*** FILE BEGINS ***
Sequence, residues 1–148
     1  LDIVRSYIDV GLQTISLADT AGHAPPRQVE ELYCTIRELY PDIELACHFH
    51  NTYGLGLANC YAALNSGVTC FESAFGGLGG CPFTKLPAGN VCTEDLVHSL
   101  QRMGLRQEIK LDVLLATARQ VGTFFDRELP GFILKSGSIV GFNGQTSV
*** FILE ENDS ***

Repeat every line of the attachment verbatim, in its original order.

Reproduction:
Sequence, residues 1–148
     1  LDIVRSYIDV GLQTISLADT AGHAPPRQVE ELYCTIRELY PDIELACHFH
    51  NTYGLGLANC YAALNSGVTC FESAFGGLGG CPFTKLPAGN VCTEDLVHSL
   101  QRMGLRQEIK LDVLLATARQ VGTFFDRELP GFILKSGSIV GFNGQTSV